In yet another display of academic excellence and theological dialogue within the sphere of ecumenism, the Byzantine Catholic Seminary of SS. Cyril and Methodius in Pittsburgh, Pa. hosted a most successful liturgy symposium on its campus May 21 to 23.
The three-day event was generously sponsored by anonymous donors and brought together liturgical scholars from around the United States and the world to present their papers on a variety of related subjects that addressed the conference theme “East, West & Beyond: Enriching One Another’s Liturgical Traditions.”
Concentrating on both academic and pastoral theology, with a particular focus on the cross-pollination of different liturgical and sacramental traditions, the overall goal of the symposium was to highlight cases of liturgical synthesis in the liturgical rites and theology of the East, whether influenced by Western or fellow Eastern churches.
The program was structured in such a way as to include speakers in three categories: three keynote addresses, four plenary sessions, and an array of student presentations. The attendees came from as close as Pittsburgh to as far away as Patras, Greece.
Each full day of lectures began with morning prayer and concluded with evensong, represented by the various Christian traditions. The delectable meals, the evening wine and cheese socials, the rare book room tour, the hospitable amenities, and the genuine family-like fellowship were quite unsurpassed, as noted by all those who attended the conference.
The event was also blessed with the attendance of Metropolitan Archbishop William Skurla and seminary rector Father Robert Pipta, both of whom expressed their full support of the program. Lastly, we would be greatly remiss by not acknowledging the stalwart volunteer efforts of Stephen and Carol Kappes, who truly made the event a huge success.
As an incentive to encourage graduate students in advanced masters or doctoral programs to attend the symposium and
present their research, a prize in the amount of $250 was awarded to the student paper that stood out. This year’s recipient was Adam Kemner (Ruthenian Eparchy of Parma), a doctoral student at Euclid University, who gave a riveting PowerPoint presentation and spoke on “Western Influences in Carpathian Church Architecture: Some Observations.” BCS seminarian Deacon Paul West (Eparchy of Passaic) also gave an excellent musicological study.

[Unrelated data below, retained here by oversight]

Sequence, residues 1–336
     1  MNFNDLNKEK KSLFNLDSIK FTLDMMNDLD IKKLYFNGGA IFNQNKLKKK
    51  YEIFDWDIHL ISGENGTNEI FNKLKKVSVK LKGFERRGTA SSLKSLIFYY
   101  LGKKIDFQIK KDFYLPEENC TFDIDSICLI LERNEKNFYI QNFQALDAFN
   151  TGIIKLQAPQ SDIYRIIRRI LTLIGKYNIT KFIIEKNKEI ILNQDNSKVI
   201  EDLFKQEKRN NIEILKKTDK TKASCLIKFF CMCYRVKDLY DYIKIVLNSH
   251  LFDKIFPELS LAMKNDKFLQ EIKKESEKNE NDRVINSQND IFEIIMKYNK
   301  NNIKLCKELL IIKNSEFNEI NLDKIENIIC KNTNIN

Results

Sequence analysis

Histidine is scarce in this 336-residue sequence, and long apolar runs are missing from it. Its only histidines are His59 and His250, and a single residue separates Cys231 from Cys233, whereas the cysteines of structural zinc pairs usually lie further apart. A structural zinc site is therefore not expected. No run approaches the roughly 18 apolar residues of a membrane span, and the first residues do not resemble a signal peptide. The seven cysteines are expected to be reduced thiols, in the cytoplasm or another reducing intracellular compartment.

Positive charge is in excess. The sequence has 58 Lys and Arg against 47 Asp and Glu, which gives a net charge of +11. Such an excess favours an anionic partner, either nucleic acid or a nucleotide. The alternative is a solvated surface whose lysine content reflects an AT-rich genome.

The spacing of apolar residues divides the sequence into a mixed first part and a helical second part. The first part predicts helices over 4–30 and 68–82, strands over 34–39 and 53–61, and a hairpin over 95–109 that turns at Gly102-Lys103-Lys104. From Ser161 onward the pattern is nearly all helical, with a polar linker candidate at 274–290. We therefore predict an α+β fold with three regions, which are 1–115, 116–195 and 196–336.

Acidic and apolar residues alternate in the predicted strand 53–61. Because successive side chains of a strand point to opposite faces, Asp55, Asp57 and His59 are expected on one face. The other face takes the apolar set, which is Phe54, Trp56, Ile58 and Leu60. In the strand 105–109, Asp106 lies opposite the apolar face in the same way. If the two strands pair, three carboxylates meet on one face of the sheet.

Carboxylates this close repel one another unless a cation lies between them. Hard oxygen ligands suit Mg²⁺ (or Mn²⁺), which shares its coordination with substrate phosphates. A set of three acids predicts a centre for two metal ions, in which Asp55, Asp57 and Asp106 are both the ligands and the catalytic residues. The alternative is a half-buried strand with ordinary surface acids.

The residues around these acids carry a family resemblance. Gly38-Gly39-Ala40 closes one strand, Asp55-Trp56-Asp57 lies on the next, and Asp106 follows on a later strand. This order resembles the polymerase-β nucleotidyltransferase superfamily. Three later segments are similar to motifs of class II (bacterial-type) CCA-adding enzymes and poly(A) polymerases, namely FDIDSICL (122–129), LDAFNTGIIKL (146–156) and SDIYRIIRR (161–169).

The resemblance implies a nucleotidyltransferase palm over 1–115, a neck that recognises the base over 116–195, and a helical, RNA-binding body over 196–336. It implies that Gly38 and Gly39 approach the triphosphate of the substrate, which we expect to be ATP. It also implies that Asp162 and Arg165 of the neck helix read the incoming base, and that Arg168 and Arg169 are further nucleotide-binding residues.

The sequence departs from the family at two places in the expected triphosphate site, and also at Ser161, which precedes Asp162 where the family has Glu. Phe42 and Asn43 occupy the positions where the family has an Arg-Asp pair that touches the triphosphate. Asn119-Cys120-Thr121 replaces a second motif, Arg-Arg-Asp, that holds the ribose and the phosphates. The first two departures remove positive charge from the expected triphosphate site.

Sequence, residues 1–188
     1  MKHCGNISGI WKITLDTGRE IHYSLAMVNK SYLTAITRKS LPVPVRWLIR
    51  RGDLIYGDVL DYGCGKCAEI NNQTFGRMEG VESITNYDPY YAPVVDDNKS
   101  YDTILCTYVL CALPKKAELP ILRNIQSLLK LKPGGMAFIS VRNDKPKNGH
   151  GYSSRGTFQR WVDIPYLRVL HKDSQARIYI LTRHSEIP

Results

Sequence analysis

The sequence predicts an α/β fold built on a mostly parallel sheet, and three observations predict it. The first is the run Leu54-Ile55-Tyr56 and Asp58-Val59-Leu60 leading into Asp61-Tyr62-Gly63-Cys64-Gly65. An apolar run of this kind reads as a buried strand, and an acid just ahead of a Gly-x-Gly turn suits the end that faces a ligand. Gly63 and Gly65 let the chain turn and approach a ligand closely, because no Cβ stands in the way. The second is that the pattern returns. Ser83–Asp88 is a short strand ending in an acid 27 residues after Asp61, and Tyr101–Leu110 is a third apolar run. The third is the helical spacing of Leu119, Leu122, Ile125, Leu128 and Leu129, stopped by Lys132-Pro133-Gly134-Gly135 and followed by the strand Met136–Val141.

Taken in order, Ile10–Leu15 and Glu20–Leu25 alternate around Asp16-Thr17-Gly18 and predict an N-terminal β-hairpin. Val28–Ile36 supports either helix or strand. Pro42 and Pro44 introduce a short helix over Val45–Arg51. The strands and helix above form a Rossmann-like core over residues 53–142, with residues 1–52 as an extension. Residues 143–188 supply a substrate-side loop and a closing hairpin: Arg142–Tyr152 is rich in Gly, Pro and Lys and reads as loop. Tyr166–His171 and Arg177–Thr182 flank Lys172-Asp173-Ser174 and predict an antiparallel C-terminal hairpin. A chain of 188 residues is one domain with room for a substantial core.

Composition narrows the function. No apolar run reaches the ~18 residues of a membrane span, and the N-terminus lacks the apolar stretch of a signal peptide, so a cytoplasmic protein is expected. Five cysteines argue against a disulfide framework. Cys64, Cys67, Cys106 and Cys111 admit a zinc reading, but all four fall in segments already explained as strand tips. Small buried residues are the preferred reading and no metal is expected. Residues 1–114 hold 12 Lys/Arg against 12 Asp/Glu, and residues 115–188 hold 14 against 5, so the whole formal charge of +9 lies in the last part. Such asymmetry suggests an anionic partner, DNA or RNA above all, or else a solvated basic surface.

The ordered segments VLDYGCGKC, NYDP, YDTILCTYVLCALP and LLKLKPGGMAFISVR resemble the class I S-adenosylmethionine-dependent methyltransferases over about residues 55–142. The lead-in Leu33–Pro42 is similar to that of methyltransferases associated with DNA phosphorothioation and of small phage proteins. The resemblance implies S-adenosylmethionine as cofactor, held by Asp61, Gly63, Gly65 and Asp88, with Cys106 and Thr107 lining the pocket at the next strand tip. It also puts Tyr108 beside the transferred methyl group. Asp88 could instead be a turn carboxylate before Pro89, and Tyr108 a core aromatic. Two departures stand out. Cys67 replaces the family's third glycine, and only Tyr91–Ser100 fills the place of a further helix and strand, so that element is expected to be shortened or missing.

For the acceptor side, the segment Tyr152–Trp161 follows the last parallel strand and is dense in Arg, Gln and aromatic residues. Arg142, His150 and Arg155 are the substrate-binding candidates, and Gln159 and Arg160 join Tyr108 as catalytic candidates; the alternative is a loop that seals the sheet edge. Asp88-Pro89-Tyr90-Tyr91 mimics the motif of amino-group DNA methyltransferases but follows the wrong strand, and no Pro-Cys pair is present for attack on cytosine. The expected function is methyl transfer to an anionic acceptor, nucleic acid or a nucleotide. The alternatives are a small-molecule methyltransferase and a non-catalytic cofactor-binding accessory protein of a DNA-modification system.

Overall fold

The keynote addresses were delivered by Dr. John Demetracopoulos of the University of Patras, Greece, who spoke on “Scholastic Influences on Late Byzantine Discussions on the Eucharist”; the Rev. Dr. Stephen Hawkes-Teeples from St. Louis, MO, whose topic was “The Ukrainian Byzantine Lutheran Church and Its Liturgy”; and the Rev. Dr. Stelyios Muksuris, Professor of Liturgical Theology and Languages at the Byzantine Catholic Seminary, whose title was “Time for a New Eucharistic Prayer?
Revisiting the ‘Imbalance’ Between Liturgical Thanksgiving and Supplication: An Analysis of the Basilian Recensions (Byz-BAS, syr-BAS, E-BAS) and syr AP-AN.” The plenary sessions included: 1) the Rev. Dr. Christiaan Kappes of BCS, “Latin Sources and Origin of the Byzantine Office for St. Sylvester, Pope of Rome”; 2) Dr. Matthew Minerd of BCS, “Sacramental Being, Practical Signification, and Sacramental Causality: A Synthetic Overview”; 3) Kyle Washut, Ph.D. candidate and full-time professor at Wyoming Catholic College (via Skype), “Liturgical Purity in East and West”; and 4) Dr. Teva Regule of Boston College, “The Liturgical Movement of the Twentieth Century and the Liturgical Reform Efforts of New Skete Monastery: The Liturgy of the Hours.” Following all three categories of sessions, engaging questions and answers followed.
The co-organizers for this auspicious scholarly synaxis, namely the Rev. Dr. Christiaan Kappes, Dr. Matthew Minerd, and the Rev. Dr. Stelyios Muksuris, met diligently for the past year to organize the event. With an affinity for the minutest of details, the organizing committee covered every base possible, utilizing social media and various other channels to promote the significance of this event for Academia and the Church.
In order to honor the significant research and contribution of the scholars who attended this prestigious symposium, it is the ardent intent of the organizing committee to publish the Acta of each speaker in a special tome or academic journal. Two possible venues are Liturgical Press or the Catholic University of America. In closing, the committee intends to make such a symposium a biennial event and will be meeting in the near future to begin preliminary plans for the next such gathering in 2021. The first conference held at BCS took place in May of 2017, with the theme: “Byzantine Perspectives on the Theotokos.”